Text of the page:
Matthew L. Tuck, J.D., M.B.A.
Matthew L.’s Answer
This was something that I struggled with in college and I sort of screwed it up. I didn't really even know that I was in introvert until later. The mistake I made was to limit myself to small circle of close friends with whom I spent most of my time. I didn't join any clubs (well, I did join the Art Club to have something to put on my resume and because my friend said it would be a good way to meet girls--it wasn't). I avoided any parties like the plague, didn't join a fraternity (even though Greek life was HUGE at my college), and I moved out of the dorm as soon as I could. I spent a lot of time taking long walks alone and, when I did socialize, it was with my little group. No one else. Big parties with people I didn't know scared the heck out of me (still do) so I avoided it all. I missed out on a lot and kept my friends in our little group (who were not really introverts) from doing things that were fun for them. If they wanted to go to a big party or a football game, I would try to convince them to stay home. And a lot of times they would. And that was a really bad way to do college.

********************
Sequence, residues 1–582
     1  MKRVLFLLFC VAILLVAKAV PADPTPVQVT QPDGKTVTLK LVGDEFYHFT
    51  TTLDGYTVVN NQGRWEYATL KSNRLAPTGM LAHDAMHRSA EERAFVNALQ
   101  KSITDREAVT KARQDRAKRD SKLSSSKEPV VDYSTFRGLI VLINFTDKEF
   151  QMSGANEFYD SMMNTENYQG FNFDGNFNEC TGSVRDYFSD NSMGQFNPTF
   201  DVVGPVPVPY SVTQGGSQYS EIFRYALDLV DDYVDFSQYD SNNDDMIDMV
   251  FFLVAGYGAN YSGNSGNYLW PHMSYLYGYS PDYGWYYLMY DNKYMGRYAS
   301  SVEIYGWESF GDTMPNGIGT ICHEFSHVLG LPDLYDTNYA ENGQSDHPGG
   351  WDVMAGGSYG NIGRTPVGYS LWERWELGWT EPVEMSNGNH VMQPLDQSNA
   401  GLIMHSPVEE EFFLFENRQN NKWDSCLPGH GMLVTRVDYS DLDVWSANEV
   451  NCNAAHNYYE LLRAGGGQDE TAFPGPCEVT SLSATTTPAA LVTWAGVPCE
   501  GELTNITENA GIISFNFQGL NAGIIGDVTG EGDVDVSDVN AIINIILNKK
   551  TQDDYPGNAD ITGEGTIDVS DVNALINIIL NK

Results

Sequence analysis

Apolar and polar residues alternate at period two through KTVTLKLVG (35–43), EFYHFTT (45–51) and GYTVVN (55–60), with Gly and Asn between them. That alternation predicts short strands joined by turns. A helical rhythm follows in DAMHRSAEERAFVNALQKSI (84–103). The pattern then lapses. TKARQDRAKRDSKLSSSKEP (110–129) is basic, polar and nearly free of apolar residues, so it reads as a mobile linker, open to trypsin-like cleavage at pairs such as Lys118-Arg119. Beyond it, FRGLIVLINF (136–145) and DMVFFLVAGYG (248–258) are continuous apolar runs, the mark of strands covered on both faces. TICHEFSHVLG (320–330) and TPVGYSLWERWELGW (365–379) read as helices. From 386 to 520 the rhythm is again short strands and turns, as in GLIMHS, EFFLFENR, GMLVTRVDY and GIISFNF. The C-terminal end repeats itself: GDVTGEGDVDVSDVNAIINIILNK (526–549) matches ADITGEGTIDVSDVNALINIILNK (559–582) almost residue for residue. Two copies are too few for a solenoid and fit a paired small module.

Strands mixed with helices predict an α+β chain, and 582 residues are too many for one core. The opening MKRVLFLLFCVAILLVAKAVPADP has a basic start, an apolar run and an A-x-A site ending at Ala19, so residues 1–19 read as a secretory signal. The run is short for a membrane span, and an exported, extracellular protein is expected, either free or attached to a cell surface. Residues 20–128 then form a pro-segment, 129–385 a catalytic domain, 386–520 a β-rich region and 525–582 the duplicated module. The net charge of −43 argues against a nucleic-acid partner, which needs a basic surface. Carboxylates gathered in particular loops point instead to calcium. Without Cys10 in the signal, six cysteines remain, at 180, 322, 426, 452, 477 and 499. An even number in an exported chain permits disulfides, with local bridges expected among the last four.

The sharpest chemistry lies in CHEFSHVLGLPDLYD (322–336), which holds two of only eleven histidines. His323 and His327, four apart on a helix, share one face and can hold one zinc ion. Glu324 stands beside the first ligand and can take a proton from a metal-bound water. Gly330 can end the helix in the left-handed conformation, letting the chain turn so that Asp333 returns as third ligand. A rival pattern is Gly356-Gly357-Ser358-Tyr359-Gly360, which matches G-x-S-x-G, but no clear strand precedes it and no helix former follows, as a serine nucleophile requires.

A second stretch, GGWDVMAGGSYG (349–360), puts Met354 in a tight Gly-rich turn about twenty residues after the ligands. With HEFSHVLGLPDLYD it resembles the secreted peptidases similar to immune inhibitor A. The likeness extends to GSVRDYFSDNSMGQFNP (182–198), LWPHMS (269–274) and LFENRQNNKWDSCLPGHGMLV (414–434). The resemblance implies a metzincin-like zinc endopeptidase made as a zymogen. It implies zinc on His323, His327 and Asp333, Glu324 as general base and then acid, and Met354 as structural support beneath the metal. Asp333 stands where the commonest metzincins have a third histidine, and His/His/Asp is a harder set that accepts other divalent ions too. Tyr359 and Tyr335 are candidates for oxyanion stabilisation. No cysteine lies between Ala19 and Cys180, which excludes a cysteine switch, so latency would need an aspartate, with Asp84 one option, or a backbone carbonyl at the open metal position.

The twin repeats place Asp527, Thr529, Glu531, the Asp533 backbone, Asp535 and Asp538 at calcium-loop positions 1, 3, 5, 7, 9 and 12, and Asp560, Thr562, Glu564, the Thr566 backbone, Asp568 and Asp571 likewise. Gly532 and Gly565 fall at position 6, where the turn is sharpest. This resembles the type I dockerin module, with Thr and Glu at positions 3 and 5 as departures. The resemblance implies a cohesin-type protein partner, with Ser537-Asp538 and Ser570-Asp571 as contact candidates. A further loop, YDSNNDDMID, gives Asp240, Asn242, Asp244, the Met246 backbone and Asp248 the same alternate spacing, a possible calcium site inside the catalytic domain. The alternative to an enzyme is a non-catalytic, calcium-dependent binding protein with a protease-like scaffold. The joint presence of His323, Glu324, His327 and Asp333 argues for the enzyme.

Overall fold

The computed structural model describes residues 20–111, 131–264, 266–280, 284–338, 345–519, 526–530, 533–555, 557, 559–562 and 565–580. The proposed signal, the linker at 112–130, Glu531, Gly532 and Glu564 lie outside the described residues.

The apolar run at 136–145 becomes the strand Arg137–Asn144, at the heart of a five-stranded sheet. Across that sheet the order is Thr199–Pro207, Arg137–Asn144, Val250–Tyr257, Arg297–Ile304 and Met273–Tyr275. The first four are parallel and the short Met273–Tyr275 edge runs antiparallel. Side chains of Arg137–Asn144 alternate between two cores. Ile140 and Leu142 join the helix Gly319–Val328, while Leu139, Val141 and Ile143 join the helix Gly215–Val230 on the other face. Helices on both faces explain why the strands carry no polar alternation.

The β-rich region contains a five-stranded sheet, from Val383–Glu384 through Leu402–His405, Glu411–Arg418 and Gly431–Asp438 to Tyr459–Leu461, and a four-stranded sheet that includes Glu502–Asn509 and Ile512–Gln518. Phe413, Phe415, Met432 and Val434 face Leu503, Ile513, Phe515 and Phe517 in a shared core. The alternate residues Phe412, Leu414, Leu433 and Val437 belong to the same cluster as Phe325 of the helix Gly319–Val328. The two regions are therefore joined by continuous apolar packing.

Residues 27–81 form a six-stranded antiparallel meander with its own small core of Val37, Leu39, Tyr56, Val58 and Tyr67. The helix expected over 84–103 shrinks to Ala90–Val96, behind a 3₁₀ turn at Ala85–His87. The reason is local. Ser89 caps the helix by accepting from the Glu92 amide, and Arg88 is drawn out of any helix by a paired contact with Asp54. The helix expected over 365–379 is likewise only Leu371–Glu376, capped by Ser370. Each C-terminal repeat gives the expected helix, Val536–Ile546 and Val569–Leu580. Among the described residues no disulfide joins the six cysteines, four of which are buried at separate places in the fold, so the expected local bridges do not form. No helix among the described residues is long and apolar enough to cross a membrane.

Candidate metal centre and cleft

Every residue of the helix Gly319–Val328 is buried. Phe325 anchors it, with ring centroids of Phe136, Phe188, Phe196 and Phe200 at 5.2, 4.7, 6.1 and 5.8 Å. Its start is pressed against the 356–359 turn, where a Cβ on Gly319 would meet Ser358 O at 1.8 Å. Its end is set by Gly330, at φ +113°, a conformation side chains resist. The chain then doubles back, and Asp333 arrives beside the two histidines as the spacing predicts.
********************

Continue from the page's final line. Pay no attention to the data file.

I took a few years off after college before I started law school and spent a lot of time thinking about how I wasted a lot of my precious college time when I was supposed to be meeting tons of people, figuring out who I was, and taking every opportunity I could to find new things to learn about.
So for law school I decided to do just the opposite. I was going to go to every party, meet every person at the school, be a part of every board and join every club. I decided to the be the "anti-me" for law school. And that's what I did. In retrospect, that was not really the way to go either.